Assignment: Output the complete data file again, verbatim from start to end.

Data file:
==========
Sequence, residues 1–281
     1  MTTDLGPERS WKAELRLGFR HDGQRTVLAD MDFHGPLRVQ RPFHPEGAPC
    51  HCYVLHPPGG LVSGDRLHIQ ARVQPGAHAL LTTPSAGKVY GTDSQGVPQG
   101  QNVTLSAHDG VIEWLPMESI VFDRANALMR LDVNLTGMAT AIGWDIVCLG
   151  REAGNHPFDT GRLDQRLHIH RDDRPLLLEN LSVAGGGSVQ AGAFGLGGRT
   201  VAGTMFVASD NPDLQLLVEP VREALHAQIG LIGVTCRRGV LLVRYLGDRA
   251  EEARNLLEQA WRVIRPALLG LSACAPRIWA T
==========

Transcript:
Sequence, residues 1–281
     1  MTTDLGPERS WKAELRLGFR HDGQRTVLAD MDFHGPLRVQ RPFHPEGAPC
    51  HCYVLHPPGG LVSGDRLHIQ ARVQPGAHAL LTTPSAGKVY GTDSQGVPQG
   101  QNVTLSAHDG VIEWLPMESI VFDRANALMR LDVNLTGMAT AIGWDIVCLG
   151  REAGNHPFDT GRLDQRLHIH RDDRPLLLEN LSVAGGGSVQ AGAFGLGGRT
   201  VAGTMFVASD NPDLQLLVEP VREALHAQIG LIGVTCRRGV LLVRYLGDRA
   251  EEARNLLEQA WRVIRPALLG LSACAPRIWA T